Dir/scr: Behnam Behzadi. Iran. 2013. 98mims
A resolutely theatrical-orientated film, Bending The Rules (Ghaedeye Tasadof), which received a special jury prize at the Tokyo International Film Festival, is a highly watchable story that has at its core issues facing young people in Iran, especially in terms of how they deal an older generation.
Behzadi makes great efforts to offer both side of the argument.
Focusing a young and vibrant theatrical troupe who are planning a trip to perform overseas, the film tackles both cultural and generational struggles, and while Behnam Behzadi’s filming style can be a bit overly showy and repetitive at times, there is an honest energy to the film as it paints neither side as villains simply generations with different attitudes.
Writer/director Behnam Behzadi offers an unusual look into Iranian life, and while the backdrop of a bunch of drama students (some who veer into pretentious territory) may not be as immediately accessible as other new from Iranian filmmakers, it is a fascinating and very watchable take on the familiar class of the generations topic.
The film opens in rather dramatic fashion as a young woman discusses suicide with a series of strangers, but this turns out to be part of a play being directed by Amir (Ashkan Khatibi), whose cast and crew are readying themselves for a trip to an overseas arts festival. Some have lied to their parents while others have stretched the truth, though only lead actress Shahrzad (and impressive Neda Jebraeili) has told her father (Amir Jafari) the truth.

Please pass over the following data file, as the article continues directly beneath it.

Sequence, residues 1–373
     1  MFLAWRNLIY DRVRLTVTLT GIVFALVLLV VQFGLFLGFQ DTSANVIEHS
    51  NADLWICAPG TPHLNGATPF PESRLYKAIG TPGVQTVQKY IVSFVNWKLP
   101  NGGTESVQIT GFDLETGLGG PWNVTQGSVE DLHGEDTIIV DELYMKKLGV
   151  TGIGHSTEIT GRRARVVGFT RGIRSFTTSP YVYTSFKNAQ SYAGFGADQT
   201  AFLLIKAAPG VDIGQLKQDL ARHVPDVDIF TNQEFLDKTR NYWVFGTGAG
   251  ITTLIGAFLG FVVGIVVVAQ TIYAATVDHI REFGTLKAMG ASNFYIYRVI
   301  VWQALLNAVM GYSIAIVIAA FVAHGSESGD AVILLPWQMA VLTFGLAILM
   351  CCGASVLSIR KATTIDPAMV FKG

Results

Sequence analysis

But with the formalities to be sorted out, she finds that he has hidden her passport and refuses to support her taking part in this unchaperoned trip. Her friends help her find her passport by ransacking her flat and breaking into a sealed drawer, just getting away before her father arrives.
He manages to track them to where they are readying their equipment and insists that she come with him. They all try and argue their point, but as things develop it becomes clear that he is not simply taking a proprietarily father role or is basing his decision on prejudice against acting…it is more that she has had issues in the past and had tried to commit suicide and he is reluctant to let her follow what he sees as her latest whim.
Behzadi makes great efforts to offer both side of the argument. In any other film the father may have been a simple foil for the enthusiastic youth, but here both sides have their foibles and can be bombastic and self-interested. Neda Jebraeili is especially good as Shahrzad, and while there is a bit too much indulgent ‘acting’ going from some of the other youthful troupe it is put together in a clever almost improv fashion – heightened by a busy handheld camera which follows them around the multi-leveled rehearsal space – that helps give what could have appeared a static film a whole lot of energy.
Production company/contact: Noori Pictures, www.nooripictures.com
Producer/editor: Behnam Behzadi
Cinematography: Amin Jafari
Production designer: Fatemeh Zivari
Music: Martin Shamoonpour
Main cast: Amir Jafari, Ashkan Khatibi, Mehrdad Sedighian, Baharan Bani Ahmadi, Neda Jebraeili, Martin Shamoonpour, Roshanak Gerami, Mohammad-Reza Ghaffari, Elaheh Hesari, Soroosh Sehhat, Omid Roohani